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Introducing: write + chat

read + write
a heads up.
Been working on something we think you’ll like, and we think you should put it in your calendar
On Wednesday, April 20, we’ll be kicking off a new Twitter Spaces series with four guest writers from past issues of this newsletter: Errin Haines, Mary H.K. Choi, Danyel Smith, and Amanda Mull. We’re going to be talking about writing and about Twitter, but also all the other stuff — the highs, the lows, the feels, the laughs, all the things that go into being a writer. It’s a chat, so we’re calling it write + chat.
Our kickoff Space is already being billed (by us) as “not worth missing” — but if you do have to skip it, we intend to make the recording available afterwards. 
Here’s a reminder for why you should tune in to hear Errin, Mary, Danyel, and Amanda.
Errin Haines
Errin Haines is a writer, editor, and on-air analyst. She’s also a founding member of The 19th, where she currently serves as the Editor at Large. She’s worked at the Los Angeles Times and the Washington Post and has written at Atlanta Magazine, POLITICO, and more. 
📸: The 19th
📸: The 19th
Here’s some of our favorite stuff from Errin’s interview in our March 14 issue.
What’s a piece of writing advice that’s held true for you?
Clear thinking produces clear writing. If you can’t articulate what the story’s about, you’re not ready to write. Keep reporting.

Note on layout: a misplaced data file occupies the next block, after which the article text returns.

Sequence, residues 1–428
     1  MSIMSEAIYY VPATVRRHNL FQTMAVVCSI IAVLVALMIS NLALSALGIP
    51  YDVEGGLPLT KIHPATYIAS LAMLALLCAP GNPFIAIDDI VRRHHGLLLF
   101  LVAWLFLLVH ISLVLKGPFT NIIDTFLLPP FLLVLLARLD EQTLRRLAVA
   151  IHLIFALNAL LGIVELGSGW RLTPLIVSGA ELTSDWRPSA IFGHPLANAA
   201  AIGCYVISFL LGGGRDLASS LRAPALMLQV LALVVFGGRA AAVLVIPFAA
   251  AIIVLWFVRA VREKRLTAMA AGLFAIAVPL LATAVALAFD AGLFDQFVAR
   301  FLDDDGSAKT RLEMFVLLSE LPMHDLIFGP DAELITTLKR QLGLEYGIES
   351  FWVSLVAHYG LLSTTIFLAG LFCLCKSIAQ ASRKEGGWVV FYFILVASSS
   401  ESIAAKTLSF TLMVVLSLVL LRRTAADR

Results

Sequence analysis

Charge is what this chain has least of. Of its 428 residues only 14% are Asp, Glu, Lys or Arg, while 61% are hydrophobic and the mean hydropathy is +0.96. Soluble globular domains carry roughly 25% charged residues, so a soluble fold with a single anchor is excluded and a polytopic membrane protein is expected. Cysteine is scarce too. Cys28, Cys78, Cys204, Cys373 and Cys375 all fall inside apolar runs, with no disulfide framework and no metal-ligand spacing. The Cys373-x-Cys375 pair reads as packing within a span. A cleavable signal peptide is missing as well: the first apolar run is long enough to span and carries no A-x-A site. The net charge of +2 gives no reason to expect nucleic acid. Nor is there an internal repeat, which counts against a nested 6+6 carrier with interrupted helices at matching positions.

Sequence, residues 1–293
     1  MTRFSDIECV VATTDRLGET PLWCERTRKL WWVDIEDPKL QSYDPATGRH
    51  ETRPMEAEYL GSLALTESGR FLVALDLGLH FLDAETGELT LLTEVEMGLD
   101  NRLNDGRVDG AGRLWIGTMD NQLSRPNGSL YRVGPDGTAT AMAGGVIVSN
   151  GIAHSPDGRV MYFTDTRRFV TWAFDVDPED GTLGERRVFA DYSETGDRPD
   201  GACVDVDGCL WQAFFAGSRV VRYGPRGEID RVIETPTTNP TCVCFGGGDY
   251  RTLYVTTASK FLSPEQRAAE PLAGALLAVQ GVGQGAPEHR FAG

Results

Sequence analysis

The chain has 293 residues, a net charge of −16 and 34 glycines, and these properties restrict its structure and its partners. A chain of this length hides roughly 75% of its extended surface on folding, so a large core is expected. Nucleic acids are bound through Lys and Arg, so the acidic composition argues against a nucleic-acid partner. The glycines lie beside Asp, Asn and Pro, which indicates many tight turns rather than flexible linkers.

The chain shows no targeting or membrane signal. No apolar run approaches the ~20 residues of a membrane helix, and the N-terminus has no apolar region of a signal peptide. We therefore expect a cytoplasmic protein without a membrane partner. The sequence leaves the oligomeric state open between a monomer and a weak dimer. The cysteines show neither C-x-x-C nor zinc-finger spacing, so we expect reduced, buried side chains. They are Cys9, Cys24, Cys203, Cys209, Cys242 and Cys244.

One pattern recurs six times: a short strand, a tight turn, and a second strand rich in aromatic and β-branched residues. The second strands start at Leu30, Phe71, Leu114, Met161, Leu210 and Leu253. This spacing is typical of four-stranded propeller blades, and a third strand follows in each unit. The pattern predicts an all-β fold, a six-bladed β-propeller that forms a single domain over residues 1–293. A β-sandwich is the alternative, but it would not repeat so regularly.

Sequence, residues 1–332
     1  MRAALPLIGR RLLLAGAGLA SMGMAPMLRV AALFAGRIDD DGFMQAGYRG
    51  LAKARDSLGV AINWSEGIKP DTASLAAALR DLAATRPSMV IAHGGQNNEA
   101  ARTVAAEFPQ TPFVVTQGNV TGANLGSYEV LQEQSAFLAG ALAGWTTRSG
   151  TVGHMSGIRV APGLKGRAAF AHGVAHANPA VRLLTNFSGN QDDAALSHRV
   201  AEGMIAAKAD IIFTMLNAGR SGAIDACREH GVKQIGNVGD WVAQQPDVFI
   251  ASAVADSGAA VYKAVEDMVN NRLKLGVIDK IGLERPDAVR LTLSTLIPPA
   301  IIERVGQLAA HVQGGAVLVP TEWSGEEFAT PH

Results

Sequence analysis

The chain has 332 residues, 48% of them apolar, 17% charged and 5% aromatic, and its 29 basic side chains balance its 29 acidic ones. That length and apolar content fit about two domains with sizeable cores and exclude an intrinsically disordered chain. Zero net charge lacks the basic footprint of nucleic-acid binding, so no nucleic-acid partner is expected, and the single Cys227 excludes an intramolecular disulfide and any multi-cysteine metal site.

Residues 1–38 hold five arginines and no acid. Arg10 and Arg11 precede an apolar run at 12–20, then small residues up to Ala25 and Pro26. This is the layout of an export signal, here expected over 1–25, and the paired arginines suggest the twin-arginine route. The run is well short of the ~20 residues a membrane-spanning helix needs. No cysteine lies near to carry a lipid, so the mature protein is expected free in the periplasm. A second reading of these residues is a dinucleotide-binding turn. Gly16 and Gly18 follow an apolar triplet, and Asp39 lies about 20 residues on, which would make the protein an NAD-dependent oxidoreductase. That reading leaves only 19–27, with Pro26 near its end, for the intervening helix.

What’s your one tip (that doesn’t get discussed enough) for a writer trying to improve in 2022?
Whatever happened to letter writing? I think a lot about striking up a correspondence with one of my writer friends to talk about the craft, to encourage each other, and to offer constructive critique. People used to do that — and we still read their letters! Bottom line: I bought expensive stationery in the pandemic and I’m looking to use it.
How would you describe your relationship with your readers? (especially if it’s evolved)
It has definitely evolved, because I have multiple audiences! When I started out two decades ago (!) I was writing for newspapers. Readers could email me, or even (gasp!) call my desk directly to talk to me about my stories. How quaint! Now people can find me because they read my story, or see me on television, or hear me on the radio, or see me speaking somewhere or giving an interview about my work. And they can still let me know what they think via my social media profiles — which I have kept public — but I have the choice about whether and how I engage with people about my work. I try to maintain some of the civility of the former medium in how I interact now; with the Internet comes anonymity and distance along with a faux familiarity that definitely affects how people talk to each other. But I’m always going to seek out ways to be in community with people who are genuinely interested in productive, intellectually honest conversations around the things I write about, because at the end of the day, my work is meant to be an invitation to dialogue, never the last word.
Mary H.K. Choi
Mary H.K. Choi is a writer, editor, talker, and New York Times best-selling author. She’s the host of two podcasts, Hey, Cool Job! and Hey, Cool Life! and has written three YA novels, Emergency Contact, Permanent Record, and Yolk. 
📸: Hatnim Lee
📸: Hatnim Lee
Here’s some of our favorite stuff from Mary’s interview in our February 21 issue.
What’s a piece of writing advice that’s held true for you?
Finish the thing. Worry about its thingworthiness after.
What’s your one tip (that doesn’t get discussed enough) for a writer trying to improve in 2022?